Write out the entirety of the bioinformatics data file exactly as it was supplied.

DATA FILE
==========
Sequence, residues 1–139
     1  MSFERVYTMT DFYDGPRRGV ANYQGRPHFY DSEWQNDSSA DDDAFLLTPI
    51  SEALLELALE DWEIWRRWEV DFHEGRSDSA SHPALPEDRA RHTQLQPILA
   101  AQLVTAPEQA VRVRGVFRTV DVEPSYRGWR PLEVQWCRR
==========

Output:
Sequence, residues 1–139
     1  MSFERVYTMT DFYDGPRRGV ANYQGRPHFY DSEWQNDSSA DDDAFLLTPI
    51  SEALLELALE DWEIWRRWEV DFHEGRSDSA SHPALPEDRA RHTQLQPILA
   101  AQLVTAPEQA VRVRGVFRTV DVEPSYRGWR PLEVQWCRR